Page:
Jewish Home hopeful boasts of being ‘proud homophobe’
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Jewish Home hopeful boasts of being ‘proud homophobe’

Bezalel Smotrich says gay people welcome to be 'abnormal' in their own home, but shouldn't 'make demands of the state'

Tamar Pileggi is a breaking news editor at The Times of Israel.

Jewish Home party candidate Bezalel Smotrich speaks to students at the Lev Institute in Jerusalem on January 21, 2015. (photo credit: Hadas Parush/Flash90)
Jewish Home party candidate Bezalel Smotrich speaks to students at the Lev Institute in Jerusalem on January 21, 2015. (photo credit: Hadas Parush/Flash90)

A Knesset hopeful with the Jewish Home party described himself as a “proud homophobe” during a discussion panel at a Ramat Gan high school Sunday.

“At home, everyone can be abnormal and people can form whatever family unit they want,” he said. “But they can’t make demands from me, as the state,” Bezalel Smotrich can be heard telling students in a recording obtained by Army Radio.

Jewish Home has been hounded by allegations it is anti-gay, stemming from a video in which politicians from the party are seen espousing views against same-sex marriage.

At number eight on the nationalist party’s list, Smotrich is likely to enter parliament after voting on March 17.

Smotrich told the students attending the preelection forum on politics that gay people “feel uncomfortable with being abnormal, it isn’t fun. So when they come out, they go out and boast about it.”

“They don’t have the right — just because they are uncomfortable being abnormal — to demand of us all to redefine the norm and claim ‘there is no such thing as normal,'” he said.

After one student interrupted him and called his remarks homophobic, Smotrich welcomed the criticism and responded to the student by saying, “I am a proud homophobe.”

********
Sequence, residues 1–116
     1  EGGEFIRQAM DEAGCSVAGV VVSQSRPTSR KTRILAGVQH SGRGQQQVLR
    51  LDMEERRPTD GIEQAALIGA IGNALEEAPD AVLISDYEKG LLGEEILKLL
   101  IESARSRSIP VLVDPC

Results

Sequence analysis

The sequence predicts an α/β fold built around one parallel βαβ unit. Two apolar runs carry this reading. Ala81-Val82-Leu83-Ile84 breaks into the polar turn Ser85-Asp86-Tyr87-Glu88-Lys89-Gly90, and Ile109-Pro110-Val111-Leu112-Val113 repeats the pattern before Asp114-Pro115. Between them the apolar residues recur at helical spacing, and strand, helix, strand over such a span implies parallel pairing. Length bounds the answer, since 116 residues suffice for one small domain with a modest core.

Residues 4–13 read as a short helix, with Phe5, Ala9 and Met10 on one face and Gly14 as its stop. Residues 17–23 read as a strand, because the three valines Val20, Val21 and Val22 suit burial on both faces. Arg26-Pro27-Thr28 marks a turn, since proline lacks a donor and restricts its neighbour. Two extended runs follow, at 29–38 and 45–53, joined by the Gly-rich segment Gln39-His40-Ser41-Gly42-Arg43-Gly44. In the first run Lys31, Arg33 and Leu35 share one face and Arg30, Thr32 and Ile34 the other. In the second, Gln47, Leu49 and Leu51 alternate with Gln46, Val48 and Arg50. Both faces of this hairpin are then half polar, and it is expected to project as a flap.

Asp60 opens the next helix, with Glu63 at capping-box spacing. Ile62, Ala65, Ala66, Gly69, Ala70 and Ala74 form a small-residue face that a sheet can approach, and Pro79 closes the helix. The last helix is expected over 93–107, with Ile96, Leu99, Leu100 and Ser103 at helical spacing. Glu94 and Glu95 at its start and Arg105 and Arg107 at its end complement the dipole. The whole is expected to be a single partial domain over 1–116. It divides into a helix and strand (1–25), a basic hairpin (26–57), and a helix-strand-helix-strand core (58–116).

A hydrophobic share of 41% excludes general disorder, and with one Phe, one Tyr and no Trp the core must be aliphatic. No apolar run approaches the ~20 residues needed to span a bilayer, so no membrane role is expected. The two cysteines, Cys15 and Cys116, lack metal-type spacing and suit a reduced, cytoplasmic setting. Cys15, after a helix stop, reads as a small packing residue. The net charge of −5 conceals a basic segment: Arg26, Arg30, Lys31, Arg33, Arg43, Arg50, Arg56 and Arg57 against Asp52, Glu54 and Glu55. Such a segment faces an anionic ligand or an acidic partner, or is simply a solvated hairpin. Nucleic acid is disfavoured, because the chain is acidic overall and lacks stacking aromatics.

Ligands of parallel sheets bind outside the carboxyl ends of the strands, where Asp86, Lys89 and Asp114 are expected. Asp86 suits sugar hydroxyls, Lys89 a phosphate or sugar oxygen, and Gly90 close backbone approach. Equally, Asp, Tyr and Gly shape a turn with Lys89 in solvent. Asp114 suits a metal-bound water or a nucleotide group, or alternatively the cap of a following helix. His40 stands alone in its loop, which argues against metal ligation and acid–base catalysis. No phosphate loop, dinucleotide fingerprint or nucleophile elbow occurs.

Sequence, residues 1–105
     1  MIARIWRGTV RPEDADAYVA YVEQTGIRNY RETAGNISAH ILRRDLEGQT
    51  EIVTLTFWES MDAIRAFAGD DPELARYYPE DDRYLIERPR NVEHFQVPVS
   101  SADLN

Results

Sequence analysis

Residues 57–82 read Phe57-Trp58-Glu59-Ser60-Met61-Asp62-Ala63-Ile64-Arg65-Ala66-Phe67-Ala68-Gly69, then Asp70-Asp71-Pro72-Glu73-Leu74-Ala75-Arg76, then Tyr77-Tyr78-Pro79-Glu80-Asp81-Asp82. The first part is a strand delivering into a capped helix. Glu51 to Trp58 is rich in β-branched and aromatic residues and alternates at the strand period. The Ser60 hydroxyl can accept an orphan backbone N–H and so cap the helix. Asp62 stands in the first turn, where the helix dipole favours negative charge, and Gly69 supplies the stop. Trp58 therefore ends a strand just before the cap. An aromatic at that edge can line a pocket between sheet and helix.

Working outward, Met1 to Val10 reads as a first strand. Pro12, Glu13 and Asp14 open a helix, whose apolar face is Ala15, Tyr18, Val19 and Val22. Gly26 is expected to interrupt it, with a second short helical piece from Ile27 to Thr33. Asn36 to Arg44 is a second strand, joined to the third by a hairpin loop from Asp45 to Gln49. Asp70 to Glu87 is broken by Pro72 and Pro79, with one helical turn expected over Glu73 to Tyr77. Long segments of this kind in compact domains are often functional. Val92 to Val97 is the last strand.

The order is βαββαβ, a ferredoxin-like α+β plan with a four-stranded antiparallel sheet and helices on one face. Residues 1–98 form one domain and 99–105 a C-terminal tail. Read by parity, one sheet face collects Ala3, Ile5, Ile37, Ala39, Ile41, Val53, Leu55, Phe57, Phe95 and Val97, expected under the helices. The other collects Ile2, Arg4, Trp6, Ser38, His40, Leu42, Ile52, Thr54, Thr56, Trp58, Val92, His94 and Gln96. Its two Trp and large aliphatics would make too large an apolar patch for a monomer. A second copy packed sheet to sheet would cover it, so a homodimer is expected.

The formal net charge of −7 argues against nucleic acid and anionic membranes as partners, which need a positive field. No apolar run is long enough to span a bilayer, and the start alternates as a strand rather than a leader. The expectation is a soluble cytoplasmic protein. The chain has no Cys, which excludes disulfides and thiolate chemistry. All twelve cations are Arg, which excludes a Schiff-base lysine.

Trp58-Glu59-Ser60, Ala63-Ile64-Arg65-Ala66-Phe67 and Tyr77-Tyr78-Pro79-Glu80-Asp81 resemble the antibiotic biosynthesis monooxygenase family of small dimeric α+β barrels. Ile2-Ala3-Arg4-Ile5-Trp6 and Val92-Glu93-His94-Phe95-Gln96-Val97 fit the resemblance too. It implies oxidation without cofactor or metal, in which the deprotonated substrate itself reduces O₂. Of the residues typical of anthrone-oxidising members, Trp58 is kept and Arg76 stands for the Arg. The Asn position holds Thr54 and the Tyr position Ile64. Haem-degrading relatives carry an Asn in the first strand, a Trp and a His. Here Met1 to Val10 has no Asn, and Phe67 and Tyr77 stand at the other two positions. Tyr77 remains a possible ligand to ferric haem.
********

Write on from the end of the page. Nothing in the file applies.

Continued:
In 2006, Smotrich was involved in organizing an anti-gay “Beast Parade” in Jerusalem in response to the city’s annual Gay Pride parade.

Anti-gay activists marched throughout the city with goats and donkeys to spotlight what they called “deviant acts” of same-sex relationships.

Smotrich has since distanced himself from anti-gay activism and told Haaretz that he regrettably organized the parade when he was “young and stupid.”

The Jewish Home party came under fire over a January campaign video in which members spoke out against equal marriage rights for same-sex couples. In the video, the vast majority of the party’s candidates flatly rejected Israel recognizing same-sex marriages, saying it went against Jewish values or normative principles.

The video quickly elicited harsh criticism by the gay community and left-wing politicians, who blasted the party members for what they called “homophobic” statements, and demanded an apology be issued.

Jewish Home party leader Naftali Bennett refused to apologize for the video, and said his party would not support same-sex marriage legislation in the Knesset.

In response to Smotrich’s statements, the Jewish Home party said other parties held similar views.

“We encourage you to examine Yair Lapid and Tzipi Livni, who ran out of the Knesset plenum during the voting on same-sex rights, instead of attacking the Jewish Home day after day, and being surprised by the position of a Zionist party on this issue,” a spokesperson told Army Radio.

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